Here’s what he wrote:
93. Chris Anderson
If the Birdman doesn’t win “Comeback Player of the Year” for (a) bouncing back from a drug violation so seedy that they wouldn’t even tell us what happened, and (b) giving Denver superior bench play this season (6.5 ppg, 6.2 rpg, 2.4 bpg in 20.5 mpg), then let’s dump the award and not have it anymore.
OK Bill, for someone who purports to follow the NBA closely, that’s pretty damn bad considering:
a.) There is NOT a Comeback Player of the Year award in the NBA and there hasn’t been since 1984-1985. There is a Most Improved Player, but obviously that is different.
b.) A player on his own team, Nene, came back from testicular cancer (16 games played last season) to average 14.6 points, 7.8 boards, and 1.3 blocks per game, all of which are career highs
To channel Marc Jackson, you’re better than that (or at least your editors at the Worldwide Leader should be).
There’s a storm coming in basketball that has been brewing for quite some time. It originates from something far older than myself (or likely anyone else who will read this), but will take on a completely different level of significance in the coming years.
Simply put, there are three types of players in the NBA: the athletically gifted, the basketball savants, and the players that are both. For all intents and purposes, the players that are both (like Lebron, Kobe, and Chris Paul, among others) are not at issue here, but these individuals are few and far between in the league at large. As such, there are essentially two types of players at issue. Now don’t get me wrong, these are not classifications that are clearly separated; there are plenty of shades of gray here, but the aggregate differences are substantial enough to discuss the topic more generally.
One of the biggest issues with sports in my generation is the “ESPNization” of team sports. Simply put, we are living in a world where sports are entertainment (and there’s no argument from me that this is right), but the difference is that the individuals rewarded in terms of endorsements and many of the individual accolades are players whose play values individual success and highlights more than team success. People who care about this issue all have their own favorite example, with mine being Gerald Green, who can make SportsCenter more frequently than he can make a competent team play, which is part of the reason why he’ll keep bouncing from team to team.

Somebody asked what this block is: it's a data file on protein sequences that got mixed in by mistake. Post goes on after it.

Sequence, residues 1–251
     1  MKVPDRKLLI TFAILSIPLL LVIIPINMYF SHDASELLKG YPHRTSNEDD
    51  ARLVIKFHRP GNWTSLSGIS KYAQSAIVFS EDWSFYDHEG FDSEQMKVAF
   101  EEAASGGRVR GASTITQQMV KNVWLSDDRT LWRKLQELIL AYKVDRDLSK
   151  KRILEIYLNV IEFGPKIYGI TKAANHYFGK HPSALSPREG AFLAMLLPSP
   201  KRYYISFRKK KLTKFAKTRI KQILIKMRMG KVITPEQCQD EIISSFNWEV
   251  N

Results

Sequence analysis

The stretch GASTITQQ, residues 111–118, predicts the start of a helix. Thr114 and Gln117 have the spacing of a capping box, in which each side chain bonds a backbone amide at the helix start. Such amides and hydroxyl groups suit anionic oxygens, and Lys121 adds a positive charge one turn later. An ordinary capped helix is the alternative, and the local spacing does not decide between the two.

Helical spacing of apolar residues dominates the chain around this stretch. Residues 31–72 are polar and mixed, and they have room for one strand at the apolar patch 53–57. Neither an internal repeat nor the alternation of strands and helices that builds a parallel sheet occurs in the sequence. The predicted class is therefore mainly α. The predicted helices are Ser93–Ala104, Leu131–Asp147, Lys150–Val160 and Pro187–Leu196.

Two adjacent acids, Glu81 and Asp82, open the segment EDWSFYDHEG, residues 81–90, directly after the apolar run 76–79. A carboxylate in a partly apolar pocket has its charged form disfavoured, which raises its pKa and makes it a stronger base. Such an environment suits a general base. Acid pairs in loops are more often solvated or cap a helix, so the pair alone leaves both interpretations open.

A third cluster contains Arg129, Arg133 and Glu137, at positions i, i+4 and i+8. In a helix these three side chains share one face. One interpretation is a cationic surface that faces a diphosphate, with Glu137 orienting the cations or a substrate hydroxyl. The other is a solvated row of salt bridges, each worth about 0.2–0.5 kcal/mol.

That said, coming from an economics background, there is a more important factor that largely gets ignored, which is the economic incentive of this behavior. Certain people complain incessantly about how the game has changed for the worse, but the reason why is far more important because it is impossible to fix the systemic problems without identifying the cause. Simply put, kids growing up at the same time as me saw that they could make significantly more money by focusing on dunks and no-look passes.
And who could blame them? The Michael Jordan that was immortalized was the one who won dunk contests and stuck out the tongue instead of the top-tier defensive player who passed on Finals-clinching shots to give John Paxson and Steve Kerr easier shots to win those games. This isn’t to say that the athletic kids in this world can’t be savvy basketball players; the problem is that they don’t see the benefit from it at a young age, so they work on what will get them on TV. It’s clear that a portion of this blame goes on the sports outlets that glorify elements of the game that lead to the appalling McDonald’s All-American games that we see now, but the responsibility goes in a few other directions as well. We consistently see team owners rewards the players who focus on these elements of the game with disproportionately large contracts (see: Martin, Kenyon) and GM’s overdrafting these kids.